Tuesday, August 16, 2016

Mealybugs and Aphids on the Roots

Pineapple mealybug             

 There are species of aphids and mealybugs that attack the roots and the crown line of plants. Many times when plants are pulled out of the pot, whitish fuzzy bugs in the soil or on the roots can be seen; they are the root aphids or root mealybugs.

In Hawaii, the pineapple mealybug is common. The adult females are described as plump and convex in body shape and pinkish in body color. Primarily a pest of pineapple and other bromeliads, yet these mealybugs also attack banana, celery, citrus, cotton, coffee and hibiscus. Wherever pineapple is grown, the pest is present including all of the major Hawaiian Islands. Plants rarely die from a mealybug infestation.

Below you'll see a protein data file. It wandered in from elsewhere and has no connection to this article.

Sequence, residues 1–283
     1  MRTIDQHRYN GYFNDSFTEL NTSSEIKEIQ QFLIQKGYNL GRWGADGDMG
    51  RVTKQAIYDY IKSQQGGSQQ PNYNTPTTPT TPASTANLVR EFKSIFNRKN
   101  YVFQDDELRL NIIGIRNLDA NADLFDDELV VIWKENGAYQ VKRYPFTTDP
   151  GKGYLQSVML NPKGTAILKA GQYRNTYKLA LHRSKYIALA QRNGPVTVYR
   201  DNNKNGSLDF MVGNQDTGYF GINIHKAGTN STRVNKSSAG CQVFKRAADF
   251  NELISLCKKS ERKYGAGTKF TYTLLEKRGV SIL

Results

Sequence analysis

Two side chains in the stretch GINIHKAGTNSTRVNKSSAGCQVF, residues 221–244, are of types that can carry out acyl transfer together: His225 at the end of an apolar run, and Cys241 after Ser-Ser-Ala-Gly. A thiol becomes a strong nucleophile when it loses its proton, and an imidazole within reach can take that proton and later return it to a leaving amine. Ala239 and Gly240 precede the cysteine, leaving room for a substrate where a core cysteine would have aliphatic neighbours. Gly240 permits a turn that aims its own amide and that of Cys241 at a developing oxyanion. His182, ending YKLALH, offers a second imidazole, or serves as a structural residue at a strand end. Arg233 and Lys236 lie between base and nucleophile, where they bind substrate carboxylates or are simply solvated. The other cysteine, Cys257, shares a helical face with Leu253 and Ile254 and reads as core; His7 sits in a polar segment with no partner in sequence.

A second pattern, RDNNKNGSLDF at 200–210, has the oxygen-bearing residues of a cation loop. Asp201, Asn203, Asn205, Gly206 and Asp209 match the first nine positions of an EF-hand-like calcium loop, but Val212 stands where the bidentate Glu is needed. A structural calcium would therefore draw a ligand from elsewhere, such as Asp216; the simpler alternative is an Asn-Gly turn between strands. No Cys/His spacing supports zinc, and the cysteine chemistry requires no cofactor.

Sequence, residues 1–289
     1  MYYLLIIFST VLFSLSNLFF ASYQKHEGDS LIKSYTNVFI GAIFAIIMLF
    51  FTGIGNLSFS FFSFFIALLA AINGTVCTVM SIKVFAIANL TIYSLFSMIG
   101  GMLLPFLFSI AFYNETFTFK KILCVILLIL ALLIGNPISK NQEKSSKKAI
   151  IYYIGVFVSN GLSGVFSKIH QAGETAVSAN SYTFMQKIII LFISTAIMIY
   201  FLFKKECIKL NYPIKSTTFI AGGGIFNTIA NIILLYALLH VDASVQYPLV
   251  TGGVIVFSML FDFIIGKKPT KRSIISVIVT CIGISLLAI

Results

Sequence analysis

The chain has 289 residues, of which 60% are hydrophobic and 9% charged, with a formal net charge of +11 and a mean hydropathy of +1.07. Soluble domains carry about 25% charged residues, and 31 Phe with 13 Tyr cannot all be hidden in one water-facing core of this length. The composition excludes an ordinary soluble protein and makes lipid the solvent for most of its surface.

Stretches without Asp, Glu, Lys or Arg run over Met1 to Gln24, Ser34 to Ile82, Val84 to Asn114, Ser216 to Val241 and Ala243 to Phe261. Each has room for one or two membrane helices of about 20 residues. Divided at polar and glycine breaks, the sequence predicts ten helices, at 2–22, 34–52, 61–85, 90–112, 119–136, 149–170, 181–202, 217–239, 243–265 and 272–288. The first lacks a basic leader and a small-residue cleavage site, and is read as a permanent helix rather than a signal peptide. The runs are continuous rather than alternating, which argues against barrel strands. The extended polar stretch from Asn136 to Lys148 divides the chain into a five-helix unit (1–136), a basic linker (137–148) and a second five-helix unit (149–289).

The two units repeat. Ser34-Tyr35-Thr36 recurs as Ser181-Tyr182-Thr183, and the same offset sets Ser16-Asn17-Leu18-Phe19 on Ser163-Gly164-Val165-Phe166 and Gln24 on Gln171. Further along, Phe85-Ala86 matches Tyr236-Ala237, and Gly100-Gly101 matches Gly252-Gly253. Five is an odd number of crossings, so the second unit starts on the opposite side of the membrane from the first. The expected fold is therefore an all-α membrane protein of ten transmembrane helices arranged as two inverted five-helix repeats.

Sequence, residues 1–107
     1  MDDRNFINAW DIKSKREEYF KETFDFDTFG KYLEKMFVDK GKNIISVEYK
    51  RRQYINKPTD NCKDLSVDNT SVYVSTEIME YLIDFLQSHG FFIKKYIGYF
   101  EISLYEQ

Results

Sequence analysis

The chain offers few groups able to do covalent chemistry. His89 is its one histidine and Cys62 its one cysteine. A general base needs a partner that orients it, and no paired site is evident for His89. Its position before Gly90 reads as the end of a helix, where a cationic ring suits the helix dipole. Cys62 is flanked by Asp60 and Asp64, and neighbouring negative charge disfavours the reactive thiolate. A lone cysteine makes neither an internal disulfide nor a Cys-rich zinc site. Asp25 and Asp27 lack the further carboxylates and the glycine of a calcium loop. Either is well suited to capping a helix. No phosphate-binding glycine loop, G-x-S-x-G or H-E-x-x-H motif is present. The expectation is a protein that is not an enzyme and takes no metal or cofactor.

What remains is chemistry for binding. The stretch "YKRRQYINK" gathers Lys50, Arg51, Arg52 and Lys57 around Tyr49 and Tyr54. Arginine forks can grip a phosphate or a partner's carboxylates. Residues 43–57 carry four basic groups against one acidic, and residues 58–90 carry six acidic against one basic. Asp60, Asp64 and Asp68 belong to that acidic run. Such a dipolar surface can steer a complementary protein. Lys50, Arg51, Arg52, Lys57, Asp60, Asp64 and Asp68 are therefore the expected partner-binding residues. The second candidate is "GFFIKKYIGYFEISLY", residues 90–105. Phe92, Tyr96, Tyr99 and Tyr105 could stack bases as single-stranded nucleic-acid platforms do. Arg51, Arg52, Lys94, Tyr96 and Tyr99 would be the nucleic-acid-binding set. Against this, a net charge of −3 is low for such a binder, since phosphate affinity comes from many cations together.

Control of this pest depends on controlling the ants which provide the mealybugs shelter and protection from predators and parasites. Without ants, mealybug populations are small and are slow to invade new areas because of the presence of the many natural enemies (the good guys) that are in Hawaii.

In infested areas of the garden, after the crop is removed, the soil should be turned over and all crop residue removed including grassy weeds which may harbor the mealybugs.  Host plants of this pest (listed above) should not be grown in this bed for at least a year.